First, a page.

Irrational Fixed Dose Comdinations
Irrational drug combinations could cause increased organ failures
Thursday, January 05, 2006 08:00 IST Nandita Vijay, Bangalore
Irrational drug combinations are liable to increase the incidences of kidney failure, cardiovascular problems and trigger pancreatic malfunction resulting in the early onset of diabetes, stated P S Bhagavan, former deputy director (pharmacy), Karnataka directorate of Health & F W Services, Bangalore.
"There is a need to focus on the quality of life of patients while prescribing drugs for relief from pain or fever," he said.Referring to the issue of Crocin Quik the former deputy director (pharmacy) stated that it needs to be examined from a public interest point of view. Multiple drug formulations in Crocin Quik - paracetamol and sodium bi carbonate should be understood by medical practitioners and the pharmacists before they are handed over to patients as OTC drugs.There are several instances where doctors had a poor understanding of the multi-drug formulations. These include estolate from sterate of erythromycin, cemetidine and ranitidine when the latter was introduced, old Suganril with oxyphenbutazone and new Suganril with piroxicam when the latter replaced the earlier one, former Baralgan and the new Baralgan, old Novalgin and new Novalgin, and a plain tablet formulation and a sustained release coated tablet formulation.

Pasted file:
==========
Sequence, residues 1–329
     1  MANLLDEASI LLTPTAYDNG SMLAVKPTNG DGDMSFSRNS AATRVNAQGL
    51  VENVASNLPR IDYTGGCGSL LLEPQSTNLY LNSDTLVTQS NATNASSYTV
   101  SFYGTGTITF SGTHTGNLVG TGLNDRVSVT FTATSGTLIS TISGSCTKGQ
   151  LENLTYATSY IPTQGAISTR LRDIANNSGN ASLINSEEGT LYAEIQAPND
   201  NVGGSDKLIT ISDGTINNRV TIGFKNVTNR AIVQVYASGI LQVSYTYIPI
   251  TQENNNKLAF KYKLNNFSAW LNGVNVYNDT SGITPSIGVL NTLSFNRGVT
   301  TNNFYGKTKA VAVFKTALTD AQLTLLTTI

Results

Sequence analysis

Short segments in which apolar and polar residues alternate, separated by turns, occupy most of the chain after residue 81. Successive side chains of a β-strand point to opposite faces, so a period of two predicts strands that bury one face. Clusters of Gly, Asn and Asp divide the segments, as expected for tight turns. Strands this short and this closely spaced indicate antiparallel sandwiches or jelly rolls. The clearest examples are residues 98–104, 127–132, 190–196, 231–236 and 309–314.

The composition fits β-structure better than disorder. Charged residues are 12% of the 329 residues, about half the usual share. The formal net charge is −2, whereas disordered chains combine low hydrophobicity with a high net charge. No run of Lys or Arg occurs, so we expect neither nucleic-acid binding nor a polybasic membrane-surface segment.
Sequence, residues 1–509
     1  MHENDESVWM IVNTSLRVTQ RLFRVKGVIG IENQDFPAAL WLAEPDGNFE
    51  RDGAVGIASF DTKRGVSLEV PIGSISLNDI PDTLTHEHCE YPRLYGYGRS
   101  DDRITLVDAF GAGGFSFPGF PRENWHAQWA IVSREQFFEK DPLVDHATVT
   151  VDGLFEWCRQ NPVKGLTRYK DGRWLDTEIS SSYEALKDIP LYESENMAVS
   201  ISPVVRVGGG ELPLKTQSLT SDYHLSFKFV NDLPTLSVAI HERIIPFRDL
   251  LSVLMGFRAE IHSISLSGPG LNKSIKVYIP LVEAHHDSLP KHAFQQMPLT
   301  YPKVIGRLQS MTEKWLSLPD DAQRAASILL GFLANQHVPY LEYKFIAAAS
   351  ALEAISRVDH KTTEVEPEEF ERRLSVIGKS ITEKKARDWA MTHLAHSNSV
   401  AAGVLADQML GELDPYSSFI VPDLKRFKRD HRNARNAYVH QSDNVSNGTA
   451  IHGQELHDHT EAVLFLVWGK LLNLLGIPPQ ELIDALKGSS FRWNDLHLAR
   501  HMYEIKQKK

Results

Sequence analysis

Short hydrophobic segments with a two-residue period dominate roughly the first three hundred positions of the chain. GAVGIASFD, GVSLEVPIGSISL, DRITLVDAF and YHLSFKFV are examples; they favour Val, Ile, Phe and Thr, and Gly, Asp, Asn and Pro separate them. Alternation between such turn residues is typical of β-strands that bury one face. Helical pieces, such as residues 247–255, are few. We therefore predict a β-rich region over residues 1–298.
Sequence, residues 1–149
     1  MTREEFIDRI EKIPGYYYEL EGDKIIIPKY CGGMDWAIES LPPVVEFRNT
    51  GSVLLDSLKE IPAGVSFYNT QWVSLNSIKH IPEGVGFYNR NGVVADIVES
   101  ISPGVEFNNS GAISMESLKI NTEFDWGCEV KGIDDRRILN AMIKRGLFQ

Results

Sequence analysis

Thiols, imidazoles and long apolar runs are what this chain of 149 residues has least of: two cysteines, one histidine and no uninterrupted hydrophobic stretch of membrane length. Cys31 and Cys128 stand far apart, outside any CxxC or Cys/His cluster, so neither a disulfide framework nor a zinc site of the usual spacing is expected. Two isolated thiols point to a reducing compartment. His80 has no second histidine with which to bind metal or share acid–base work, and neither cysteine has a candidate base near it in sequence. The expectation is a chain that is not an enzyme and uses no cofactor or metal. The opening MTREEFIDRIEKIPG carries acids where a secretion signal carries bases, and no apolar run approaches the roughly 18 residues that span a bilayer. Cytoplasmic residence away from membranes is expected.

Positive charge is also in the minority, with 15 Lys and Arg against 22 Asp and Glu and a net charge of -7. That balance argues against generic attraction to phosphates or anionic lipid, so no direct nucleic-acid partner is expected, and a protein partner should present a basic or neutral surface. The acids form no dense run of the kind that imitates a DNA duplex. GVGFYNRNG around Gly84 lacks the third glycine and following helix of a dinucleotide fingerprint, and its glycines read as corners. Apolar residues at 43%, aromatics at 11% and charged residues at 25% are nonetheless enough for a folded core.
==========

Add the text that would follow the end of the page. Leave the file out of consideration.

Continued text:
"It would be futile to expect good understanding among the consumers to know the helpful and harmful affects of such drugs which are sold under the OTC category," Bhagvan said. Paracetamol does not cause 'immediate local irritation', but the addition of sodium bi- carbonate could harm the liver over a period of time if the combination is taken regularly.In a scenario where counselling by pharmacists is absent, there is a need to ensure over medication of OTC drugs."Hence the issue is whether introducing such drugs is safe in the public interest. This calls for a strong National Drug Policy covering all these issues.
The panel that assists the Drugs Controller General of India should include experienced hospital pharmacists before approving such formulations," stated Bhagavan.